• If you aren't comfortable with the environment and your security and/or health can be in danger, then you know what you have to do.

  • Don't already stuck on the idea that language is a barrier. As far as you can learn new concepts and notions in your field of specialization, why not do the same for a foreign language?!

In all cases, take the right decision (the one you think is right) for your good.

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  • Thank you for the huge help, ADJ. Point 1 seems to be very important as presented in every answer to my question, and I highly agree with that. Actually, I have intentionally tried building my ability to work independently since got into the Ph.D. program. But it was so hard as I am completely new to this field. Anyway, I will persist in doing this for your encouragement, and see what will change.
    – Lorraine
    Apr 12, 2023 at 6:40
  • And Point 3 in your answer can be very illustrative for me. As from a non-English country, things used to be difficult for me in reading, listening and especially speaking, but I appreciate your idea that language is not a barrier but a new perspective to learning new things. Thanks a lot.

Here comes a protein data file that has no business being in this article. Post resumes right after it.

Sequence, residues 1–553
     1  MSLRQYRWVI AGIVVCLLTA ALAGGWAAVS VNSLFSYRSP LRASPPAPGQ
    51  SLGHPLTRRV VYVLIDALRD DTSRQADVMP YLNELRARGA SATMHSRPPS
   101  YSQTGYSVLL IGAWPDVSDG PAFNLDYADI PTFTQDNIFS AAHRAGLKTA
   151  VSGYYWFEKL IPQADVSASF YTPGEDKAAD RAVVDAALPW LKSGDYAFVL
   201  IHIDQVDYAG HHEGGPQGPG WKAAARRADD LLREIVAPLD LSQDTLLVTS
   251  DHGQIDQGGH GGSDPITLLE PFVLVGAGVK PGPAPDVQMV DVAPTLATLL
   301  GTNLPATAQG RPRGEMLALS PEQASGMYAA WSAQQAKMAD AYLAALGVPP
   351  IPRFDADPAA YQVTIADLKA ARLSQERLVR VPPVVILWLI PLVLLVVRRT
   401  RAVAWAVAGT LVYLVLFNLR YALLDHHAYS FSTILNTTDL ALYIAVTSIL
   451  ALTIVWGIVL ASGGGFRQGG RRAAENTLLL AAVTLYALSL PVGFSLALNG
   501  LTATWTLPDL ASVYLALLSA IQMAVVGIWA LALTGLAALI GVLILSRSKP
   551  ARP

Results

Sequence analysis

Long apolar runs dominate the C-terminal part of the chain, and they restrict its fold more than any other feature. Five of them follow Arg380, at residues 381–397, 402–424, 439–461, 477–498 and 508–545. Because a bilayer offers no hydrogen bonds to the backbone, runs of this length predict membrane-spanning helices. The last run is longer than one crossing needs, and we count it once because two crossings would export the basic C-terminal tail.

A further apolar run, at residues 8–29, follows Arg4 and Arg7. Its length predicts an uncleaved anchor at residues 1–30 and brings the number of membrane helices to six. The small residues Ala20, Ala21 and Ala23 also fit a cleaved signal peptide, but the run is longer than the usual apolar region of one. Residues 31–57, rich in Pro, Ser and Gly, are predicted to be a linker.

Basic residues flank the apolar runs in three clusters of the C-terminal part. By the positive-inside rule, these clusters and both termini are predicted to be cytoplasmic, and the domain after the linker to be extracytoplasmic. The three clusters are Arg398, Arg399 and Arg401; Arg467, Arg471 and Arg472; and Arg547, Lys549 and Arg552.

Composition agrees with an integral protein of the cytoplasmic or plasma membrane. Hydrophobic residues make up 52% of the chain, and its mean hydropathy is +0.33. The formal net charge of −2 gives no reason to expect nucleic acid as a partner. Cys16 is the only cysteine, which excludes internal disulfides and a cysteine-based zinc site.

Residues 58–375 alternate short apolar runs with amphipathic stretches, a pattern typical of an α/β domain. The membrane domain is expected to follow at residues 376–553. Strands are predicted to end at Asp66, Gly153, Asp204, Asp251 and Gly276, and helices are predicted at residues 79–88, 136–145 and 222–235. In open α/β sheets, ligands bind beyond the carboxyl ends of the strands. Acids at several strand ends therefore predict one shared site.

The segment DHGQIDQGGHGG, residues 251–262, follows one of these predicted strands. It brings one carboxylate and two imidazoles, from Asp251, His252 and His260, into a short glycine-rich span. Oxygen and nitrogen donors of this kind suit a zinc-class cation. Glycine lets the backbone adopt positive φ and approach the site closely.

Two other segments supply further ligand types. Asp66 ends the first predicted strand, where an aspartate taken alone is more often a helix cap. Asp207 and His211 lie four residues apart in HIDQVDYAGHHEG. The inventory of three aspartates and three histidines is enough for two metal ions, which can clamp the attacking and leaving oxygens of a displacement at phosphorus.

– Lorraine
    Apr 12, 2023 at 6:45
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When I was first looking for graduate programs, I met a post doc and asked him what he advise someone starting out in grad school. He simply said "pick the right advisor". It sounds like you picked the right advisor for your masters program, but not for PhD.

The central problem is that he is very busy with administrative work, thus he has no time to guide his students. I must emphasize that this is very common, at least in my school (though I don't consider this to be right), so other students in the research group seem to accept the fact.

I know in some countries, as it seems in yours, this is normal; in others, its highly variable and really depends on the professor. This same post doc I met advised that in America, "star students go with professors who are writing their last book and are nearing retirement; doctoral students who would prefer a more active advisor should go for the recent hire, who will often involve them more and also have more time for them." It's not a hard and fast rule but by and large I've seen this to be the case, and might apply to you.